Since you were kind enough to share these poems, I will share a short story that I have encountered in my research.
“Yanni and the Changeling”, from a book of folk tales claiming to date from the 1st century A.S.
Come close, my child, for the night of the new year is upon us. Draw the curtains and gather by my fire, and pay no heed to the creatures of the night howling outside. On this night, the seasons rule not over the lands, nor even upon the Aether itself - all is unbound in the darkness, to be remade anew in the dawn. I shall tell you the tale of a traveler on a night very like this one, and the danger of trusting the goodwill of strangers.
Once upon a time, there was a young man named Yanni. His eyes were the color of bluebeards and his hair flowed long and dark like a deep river. He lived partway up the mountain away from the village where he was raised, for he was a goat-herd and the mountain was where one traditionally went to raise goats. But he returned to his family’s home on important days, and the eve of the new year was approaching.
Yanni planned to herd his goats back to their barn in the afternoon, so he would have plenty of time to walk down the mountain and join his family before night fell. But the goats, being contrary sorts of creatures, would have none of that. When he zigged, they zagged. When he tried to coax them with carrots, they only laughed - in that way that goats have of bleating in a dismissive sort of manner. By the time he finally managed to shut them in for the evening, the sun was already beginning to set.
Now, Yanni was a smart lad. He’d heard the old stories about all of the terrible things that happen to those who stay out past nightfall on the new year. But he knew those were only old stories - nobody really believed them, right? Besides, his family would worry far more if he simply didn’t show up, than if he showed up a bit late. It wouldn’t do to worry them so on a holiday. He set off down the mountain at a quick pace, hoping to make it to the village before supper was completely finished.
As Yanni should have remembered, running down a mountain is a tricky proposition even in the best of conditions. For someone worried about being late, already tired from chasing goats all afternoon, in gathering darkness and wearing the sort of clothes fit for a festival? Things become very treacherous indeed. He barely made it to the first switchback before he stubbed a toe on an errant root and went tumbling head over heels. And because he was on a mountain, he kept tumbling. And twirling. And tossing and traveling, too. To make a long story short - he fell.
When he finally came to a stop and his head had cleared of dizziness, dusk had well and truly set in and Yanni realized he was lost. Nothing looked familiar - did the mountain even HAVE a stream running down it? - and an evening chill was beginning to set in. Yanni shivered, stood up, and began to search for signs of a path.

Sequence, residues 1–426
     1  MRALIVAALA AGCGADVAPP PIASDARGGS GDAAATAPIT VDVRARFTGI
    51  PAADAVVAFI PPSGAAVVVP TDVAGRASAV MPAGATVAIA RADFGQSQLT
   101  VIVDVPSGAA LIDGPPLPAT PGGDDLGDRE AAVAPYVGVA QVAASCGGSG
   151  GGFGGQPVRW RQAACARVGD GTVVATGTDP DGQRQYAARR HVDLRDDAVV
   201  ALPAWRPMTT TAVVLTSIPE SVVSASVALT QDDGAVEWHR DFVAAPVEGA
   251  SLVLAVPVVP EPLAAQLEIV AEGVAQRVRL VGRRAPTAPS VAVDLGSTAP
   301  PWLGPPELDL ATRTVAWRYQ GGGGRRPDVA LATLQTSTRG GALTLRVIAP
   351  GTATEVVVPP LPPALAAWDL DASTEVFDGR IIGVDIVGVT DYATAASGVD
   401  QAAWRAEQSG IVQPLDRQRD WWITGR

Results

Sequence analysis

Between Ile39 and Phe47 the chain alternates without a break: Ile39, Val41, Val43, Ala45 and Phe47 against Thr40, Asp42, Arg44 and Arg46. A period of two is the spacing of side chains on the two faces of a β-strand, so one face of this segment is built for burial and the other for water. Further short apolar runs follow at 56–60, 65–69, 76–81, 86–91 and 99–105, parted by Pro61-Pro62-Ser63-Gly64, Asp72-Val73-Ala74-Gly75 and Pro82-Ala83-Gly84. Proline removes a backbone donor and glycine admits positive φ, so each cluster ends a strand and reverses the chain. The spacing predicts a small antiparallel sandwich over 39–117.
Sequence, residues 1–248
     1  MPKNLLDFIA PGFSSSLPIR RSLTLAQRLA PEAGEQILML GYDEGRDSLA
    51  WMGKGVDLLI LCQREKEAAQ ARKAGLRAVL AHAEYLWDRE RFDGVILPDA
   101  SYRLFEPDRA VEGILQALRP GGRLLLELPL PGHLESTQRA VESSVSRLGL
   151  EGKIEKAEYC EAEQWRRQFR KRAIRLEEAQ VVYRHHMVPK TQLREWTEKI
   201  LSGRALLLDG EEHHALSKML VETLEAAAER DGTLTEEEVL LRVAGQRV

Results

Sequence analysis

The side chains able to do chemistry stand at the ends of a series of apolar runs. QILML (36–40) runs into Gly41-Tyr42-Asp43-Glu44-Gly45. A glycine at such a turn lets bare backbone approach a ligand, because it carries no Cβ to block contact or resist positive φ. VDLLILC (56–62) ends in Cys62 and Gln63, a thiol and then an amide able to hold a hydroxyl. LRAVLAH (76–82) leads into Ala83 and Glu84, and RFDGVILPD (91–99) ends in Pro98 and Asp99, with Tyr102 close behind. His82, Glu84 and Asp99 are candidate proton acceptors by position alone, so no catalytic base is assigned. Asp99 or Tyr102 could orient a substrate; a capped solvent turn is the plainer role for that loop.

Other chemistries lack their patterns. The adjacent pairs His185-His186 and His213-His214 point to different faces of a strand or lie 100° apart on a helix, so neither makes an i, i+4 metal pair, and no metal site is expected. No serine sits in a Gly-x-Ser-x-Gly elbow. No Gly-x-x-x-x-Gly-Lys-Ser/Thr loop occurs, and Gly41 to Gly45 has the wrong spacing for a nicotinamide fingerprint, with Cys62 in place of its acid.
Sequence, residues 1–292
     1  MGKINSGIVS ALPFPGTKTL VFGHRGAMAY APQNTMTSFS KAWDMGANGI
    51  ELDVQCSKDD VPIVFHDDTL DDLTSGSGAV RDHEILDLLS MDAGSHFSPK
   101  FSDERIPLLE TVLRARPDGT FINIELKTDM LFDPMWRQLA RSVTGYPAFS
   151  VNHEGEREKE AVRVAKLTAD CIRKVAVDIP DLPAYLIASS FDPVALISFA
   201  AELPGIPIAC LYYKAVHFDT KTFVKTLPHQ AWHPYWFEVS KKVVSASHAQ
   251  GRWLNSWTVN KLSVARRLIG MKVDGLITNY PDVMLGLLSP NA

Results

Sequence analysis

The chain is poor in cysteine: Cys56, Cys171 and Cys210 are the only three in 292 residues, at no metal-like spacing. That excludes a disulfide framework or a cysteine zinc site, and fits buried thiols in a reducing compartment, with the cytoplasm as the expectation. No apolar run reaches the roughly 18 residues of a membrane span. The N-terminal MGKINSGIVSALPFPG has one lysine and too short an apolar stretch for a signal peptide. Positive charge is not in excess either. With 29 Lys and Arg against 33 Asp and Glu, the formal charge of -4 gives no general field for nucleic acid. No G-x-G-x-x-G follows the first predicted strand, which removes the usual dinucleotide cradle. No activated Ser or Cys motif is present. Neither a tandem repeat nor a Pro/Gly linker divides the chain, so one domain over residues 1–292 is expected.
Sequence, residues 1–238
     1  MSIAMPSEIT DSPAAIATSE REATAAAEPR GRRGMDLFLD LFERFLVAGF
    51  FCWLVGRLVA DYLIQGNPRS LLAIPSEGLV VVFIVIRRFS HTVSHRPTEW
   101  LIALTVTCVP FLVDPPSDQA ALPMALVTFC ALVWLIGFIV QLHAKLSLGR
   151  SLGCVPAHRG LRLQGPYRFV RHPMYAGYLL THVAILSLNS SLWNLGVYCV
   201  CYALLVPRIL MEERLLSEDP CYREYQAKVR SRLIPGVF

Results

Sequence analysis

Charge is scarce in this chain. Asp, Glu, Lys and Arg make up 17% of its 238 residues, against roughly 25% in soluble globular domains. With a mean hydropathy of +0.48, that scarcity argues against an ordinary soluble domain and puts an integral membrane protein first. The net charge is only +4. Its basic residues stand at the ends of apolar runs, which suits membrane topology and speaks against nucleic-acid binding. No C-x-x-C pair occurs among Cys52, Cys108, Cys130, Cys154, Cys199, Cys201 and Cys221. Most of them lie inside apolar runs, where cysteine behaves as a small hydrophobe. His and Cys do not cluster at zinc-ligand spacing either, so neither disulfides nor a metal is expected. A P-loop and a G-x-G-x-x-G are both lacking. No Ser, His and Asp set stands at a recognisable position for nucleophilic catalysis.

Eventually, he found something better - a bright, warm square of light peeking out from behind a tree. As he approached, the shape of a small, cozy-looking cabin took form amidst the increasingly-menacing woodlands. Yanni walked up to the door, and just as he was raising his hand to knock, it swung open. A jolly, older-looking gentleman stood inside. “Yanni!” he said, throwing his arms open, “So glad you could make it! Come in, come in!”
Yanni followed the old man into the cabin, removing his boots and placing his coat on a hook by the door. “Come along, come along, it’s almost time for supper!” The old man drew up a chair at the little dining table and motioned for Yanni to sit. As he did, Yanni thought he noticed something strange in the old man’s eyes - just a flash, but gone before he could figure out what he was seeing.
The man pulled a steaming kettle off the fireplace and poured a mug of tea. He handed it to Yanni. “Drink, drink, you must be frozen to the core!” As he said it, Yanni realized just how cold he was - his teeth chattering, his fingers almost turning blue. He looked up - that flash of something in the old man’s eyes again. He held the mug in his freezing hands and downed the drink in a single gulp. Then he had a thought - “How did you-”
“Know your name?” The old man chuckled. “Why, that hardly matters. Finish your tea, your throat must be parched from such exertion.” Yanni blinked, and realized it was true. The mug was full and he was desperately thirsty. He tipped the mug to drink and—nothing. It was empty. “What did you—”
“Do with the tea? Never you mind, it’s nearly time for dinner. With a day like you’ve had, you must be starving.” And Yanni realized it was true. His stomach twisted painfully and he groaned. The old man’s eyes flashed again, this time for longer - Yanni looked into them and felt a snowstorm, brilliant and white and freezing cold. “Who—who are you?” he choked, between chattering teeth.
“Yanni, the season may be on the verge of changing, but Winter’s grip has not yet faded from these lands. With your acceptance of the gifts and hospitality of this house, you have chosen your fate. Now come. There is much to be done.” With a gesture, the old man swept open the door and Yanni felt himself standing, walking out into the snowstorm (had it been storming before?) as though in a dream. He tried to look back at the old man’s face, tried to ask “how” or “what” or “who”, but, like a puppet, he felt himself continuing to march into the snow.